You have reached a free tutorial that will guide you step by step on how to design a website. From the basics of coding to the complexities of design, by the end of this tutorial, you will know how to create a website that works and speaks for itself.

First Of All

Before anything, you should know that web design is literally nothing more than blocks and measurements.

You will be creating flat, four-sided objects on a flat, four-sided screen. Of course you can make any other shape, like a triangle or circle, but 99.9% of the time you will be handling squares and rectangles only.

Think of web designing as "building blocks". With code, you will be able to create, space-out and even design each of your blocks (like in the example above).

Comparing code to real life, if you have two side-by-side pictures, each with a width of 5" (a total of 10" wide) and you separate these two photos by 3", then your total width would be 13 inches (5 + 5 + 3 = 13).

The same applies to code. If you have two blocks that are each 500px (pixels) wide and you separate these two blocks by 300px, your total width will be 1300px (500px + 500px + 300px = 1300px).

Make sense? If so, then you are well on your way to being a better web designer than many.

Common Sense

Among a plethora of keywords you will need to learn and remember, there are some "common sense" terms that anyone with a desire to web design should understand.

Pixels (px) : your screen, whether a laptop, desktop, cell phone, tablet or any other web-browsing device is defined in size (width x height) by pixels. Most laptop screens measure around 1280 pixels wide x 800 pixels tall whereas others may be browsing the internet through a screen as large as 1920px x 1200px and some may even be viewing the internet and your website through a large television screen. Cell phones are generally 320px wide x 500 or so px tall, but today, all screens vary dramatically in sizes. The measurements part of web design is that you will be sizing everything generally in pixels, although %, em or pt may be at times preferred.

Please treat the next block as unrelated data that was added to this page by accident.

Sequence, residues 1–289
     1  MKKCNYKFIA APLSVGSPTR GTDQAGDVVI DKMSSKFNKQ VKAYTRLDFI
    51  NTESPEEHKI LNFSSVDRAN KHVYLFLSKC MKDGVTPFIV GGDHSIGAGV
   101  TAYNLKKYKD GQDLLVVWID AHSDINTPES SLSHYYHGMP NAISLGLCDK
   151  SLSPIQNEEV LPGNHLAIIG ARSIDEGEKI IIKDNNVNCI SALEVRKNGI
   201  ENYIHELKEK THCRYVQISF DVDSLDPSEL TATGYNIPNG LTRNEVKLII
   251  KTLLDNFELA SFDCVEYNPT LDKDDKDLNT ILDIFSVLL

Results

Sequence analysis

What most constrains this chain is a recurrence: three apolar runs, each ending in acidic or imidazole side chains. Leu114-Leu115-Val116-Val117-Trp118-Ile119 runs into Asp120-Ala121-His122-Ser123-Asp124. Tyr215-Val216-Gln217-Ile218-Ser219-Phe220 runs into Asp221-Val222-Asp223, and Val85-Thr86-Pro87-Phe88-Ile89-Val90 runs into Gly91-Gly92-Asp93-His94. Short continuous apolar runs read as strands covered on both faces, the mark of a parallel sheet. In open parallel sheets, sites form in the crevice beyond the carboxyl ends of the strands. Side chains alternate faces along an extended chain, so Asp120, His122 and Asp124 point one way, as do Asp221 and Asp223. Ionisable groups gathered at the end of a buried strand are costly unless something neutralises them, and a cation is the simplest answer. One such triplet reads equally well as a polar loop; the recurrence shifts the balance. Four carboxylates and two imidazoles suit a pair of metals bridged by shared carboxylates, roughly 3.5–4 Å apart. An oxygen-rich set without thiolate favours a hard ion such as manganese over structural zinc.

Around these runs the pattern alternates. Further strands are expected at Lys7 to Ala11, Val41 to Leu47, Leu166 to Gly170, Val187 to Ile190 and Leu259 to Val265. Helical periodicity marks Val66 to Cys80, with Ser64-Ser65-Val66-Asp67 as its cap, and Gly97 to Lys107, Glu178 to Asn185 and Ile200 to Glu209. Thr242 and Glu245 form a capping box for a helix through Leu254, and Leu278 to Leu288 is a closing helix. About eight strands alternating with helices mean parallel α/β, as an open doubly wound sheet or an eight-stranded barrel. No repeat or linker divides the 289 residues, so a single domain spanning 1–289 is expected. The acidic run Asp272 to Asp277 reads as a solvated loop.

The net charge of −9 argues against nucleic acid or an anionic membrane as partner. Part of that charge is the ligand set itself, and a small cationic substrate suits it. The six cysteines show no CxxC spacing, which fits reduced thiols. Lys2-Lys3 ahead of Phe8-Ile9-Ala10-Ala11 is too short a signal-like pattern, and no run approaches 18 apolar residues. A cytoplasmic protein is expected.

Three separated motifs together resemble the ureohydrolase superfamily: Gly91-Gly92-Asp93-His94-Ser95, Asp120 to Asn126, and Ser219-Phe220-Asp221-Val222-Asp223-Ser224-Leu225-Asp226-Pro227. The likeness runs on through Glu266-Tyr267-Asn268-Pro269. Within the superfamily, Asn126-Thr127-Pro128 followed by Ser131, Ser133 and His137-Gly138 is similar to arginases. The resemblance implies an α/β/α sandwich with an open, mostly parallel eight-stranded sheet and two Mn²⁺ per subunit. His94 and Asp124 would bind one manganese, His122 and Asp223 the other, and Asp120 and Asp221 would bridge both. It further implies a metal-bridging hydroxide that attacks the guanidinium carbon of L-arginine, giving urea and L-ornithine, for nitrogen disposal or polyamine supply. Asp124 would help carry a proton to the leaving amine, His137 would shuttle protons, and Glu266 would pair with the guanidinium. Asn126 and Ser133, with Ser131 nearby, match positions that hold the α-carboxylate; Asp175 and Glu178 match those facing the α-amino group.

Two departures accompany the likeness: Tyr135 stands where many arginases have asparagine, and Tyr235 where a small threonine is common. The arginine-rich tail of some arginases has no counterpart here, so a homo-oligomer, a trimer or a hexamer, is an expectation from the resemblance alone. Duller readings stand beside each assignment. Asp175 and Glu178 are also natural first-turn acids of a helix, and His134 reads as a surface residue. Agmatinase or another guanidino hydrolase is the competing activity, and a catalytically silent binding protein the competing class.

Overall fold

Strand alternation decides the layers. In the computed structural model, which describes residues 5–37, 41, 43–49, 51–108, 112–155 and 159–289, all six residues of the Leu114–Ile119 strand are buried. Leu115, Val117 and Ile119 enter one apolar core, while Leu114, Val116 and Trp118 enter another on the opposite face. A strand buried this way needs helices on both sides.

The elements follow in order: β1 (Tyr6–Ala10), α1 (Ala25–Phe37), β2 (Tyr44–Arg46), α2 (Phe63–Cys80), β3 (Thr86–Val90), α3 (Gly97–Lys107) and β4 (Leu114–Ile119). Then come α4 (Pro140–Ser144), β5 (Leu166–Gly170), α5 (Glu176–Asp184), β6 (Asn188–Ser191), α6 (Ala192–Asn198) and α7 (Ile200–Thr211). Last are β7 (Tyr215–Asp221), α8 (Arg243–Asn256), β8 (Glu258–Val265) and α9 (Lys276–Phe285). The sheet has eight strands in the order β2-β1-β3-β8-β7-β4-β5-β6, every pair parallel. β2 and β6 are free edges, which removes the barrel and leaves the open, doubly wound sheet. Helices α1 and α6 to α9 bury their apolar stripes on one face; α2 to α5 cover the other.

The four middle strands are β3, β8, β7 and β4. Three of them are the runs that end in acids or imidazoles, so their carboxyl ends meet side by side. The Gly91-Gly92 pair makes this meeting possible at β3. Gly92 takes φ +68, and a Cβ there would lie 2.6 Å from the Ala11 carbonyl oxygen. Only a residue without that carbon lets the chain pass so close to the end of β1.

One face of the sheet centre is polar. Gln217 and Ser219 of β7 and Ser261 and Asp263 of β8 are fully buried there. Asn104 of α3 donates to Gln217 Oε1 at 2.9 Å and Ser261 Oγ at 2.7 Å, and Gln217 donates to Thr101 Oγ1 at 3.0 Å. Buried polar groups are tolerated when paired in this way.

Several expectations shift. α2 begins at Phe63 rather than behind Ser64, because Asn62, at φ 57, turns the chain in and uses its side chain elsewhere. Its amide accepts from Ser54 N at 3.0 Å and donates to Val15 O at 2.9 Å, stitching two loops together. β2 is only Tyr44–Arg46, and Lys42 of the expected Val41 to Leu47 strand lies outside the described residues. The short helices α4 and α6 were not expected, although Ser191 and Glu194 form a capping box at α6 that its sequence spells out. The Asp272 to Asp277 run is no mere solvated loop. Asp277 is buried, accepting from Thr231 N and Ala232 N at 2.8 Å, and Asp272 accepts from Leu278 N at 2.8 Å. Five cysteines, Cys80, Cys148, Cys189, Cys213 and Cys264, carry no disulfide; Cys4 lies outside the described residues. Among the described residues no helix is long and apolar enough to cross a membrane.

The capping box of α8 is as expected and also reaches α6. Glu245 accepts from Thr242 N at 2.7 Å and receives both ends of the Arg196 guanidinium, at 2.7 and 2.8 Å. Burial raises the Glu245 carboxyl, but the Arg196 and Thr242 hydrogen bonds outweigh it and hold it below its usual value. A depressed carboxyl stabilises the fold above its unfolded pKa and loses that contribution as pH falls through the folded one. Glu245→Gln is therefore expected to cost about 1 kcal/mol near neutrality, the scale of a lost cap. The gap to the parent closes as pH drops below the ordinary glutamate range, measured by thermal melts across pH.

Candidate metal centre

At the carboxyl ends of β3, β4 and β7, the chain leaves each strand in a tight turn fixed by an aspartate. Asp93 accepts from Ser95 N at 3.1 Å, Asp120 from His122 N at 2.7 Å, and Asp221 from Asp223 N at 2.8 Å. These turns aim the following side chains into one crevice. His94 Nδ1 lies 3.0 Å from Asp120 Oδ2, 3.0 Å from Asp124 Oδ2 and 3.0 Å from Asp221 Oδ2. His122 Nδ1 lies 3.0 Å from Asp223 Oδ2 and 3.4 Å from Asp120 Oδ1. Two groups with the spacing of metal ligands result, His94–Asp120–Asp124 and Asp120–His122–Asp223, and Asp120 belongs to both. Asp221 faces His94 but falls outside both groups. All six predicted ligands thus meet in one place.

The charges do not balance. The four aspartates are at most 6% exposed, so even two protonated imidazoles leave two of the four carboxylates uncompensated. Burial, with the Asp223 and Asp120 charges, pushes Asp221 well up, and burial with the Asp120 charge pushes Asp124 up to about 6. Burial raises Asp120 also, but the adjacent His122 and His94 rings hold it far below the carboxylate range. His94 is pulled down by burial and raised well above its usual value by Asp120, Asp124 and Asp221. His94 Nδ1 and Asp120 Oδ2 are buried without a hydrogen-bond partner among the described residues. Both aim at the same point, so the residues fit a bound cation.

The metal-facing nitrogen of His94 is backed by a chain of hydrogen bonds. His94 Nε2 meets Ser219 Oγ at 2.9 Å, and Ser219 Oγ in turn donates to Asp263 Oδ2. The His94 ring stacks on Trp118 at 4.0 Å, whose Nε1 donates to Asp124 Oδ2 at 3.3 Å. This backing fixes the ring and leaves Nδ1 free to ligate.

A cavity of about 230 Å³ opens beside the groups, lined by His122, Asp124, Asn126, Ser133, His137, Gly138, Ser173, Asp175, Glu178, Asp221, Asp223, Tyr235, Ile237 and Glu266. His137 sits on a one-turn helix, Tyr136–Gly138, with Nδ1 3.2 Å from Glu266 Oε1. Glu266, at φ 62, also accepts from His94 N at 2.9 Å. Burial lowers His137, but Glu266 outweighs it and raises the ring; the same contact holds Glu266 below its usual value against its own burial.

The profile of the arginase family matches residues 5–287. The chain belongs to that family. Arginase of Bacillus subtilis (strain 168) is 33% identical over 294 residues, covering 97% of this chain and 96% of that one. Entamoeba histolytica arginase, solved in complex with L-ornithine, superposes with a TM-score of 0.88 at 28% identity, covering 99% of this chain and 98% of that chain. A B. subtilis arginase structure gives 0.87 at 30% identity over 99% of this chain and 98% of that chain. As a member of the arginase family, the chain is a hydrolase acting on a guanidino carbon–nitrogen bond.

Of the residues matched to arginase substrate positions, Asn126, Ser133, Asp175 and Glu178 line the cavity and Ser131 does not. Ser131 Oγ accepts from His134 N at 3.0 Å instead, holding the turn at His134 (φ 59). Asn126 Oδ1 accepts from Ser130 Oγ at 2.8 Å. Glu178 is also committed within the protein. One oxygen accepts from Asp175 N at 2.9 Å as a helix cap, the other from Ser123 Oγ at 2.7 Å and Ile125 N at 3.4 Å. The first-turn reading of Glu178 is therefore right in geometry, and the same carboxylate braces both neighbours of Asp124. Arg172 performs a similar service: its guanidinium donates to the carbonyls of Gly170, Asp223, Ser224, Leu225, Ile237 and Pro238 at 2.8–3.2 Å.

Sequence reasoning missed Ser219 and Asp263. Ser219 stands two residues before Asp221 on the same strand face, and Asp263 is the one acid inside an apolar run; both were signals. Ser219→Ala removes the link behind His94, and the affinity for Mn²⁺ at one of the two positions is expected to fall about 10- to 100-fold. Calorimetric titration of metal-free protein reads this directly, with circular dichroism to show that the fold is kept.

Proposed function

Note: from this point, you should open a notepad (txt) document on your computer (windows key + r, notepad). Save the document to your desktop as whatever.htm so that you may view your coding progress through your web browser.

HTML (HyperText Markup Language) is the first computing language that you will be required to learn before designing anything. If your website were a building, then HTML would be the stones, the wood and the mortar.

Although there are many glorious things that you can do with HTML, such as changing the color of a font, creating tables or even making text scrollable:

Like This

all of those glorious options are a thing of the past - keep that in mind.

Being the stone, wood and mortar of your website, you need HTML to hold your project together. This means that you should not always try to design your website with HTML. Instead, simply use it to build your site, and use it for touch ups if needed.

The Basics of HTML

To an English speaking individual, the words on this tutorial would seem pretty easy to understand, since they too are in English. Keeping this in mind, HTML (like all languages) was designed to be read and spoken in a certain way: the HTML way. Certain words were designed to do certain things. You cannot write jibberish and hope for the best, it just does not work this way - for any language!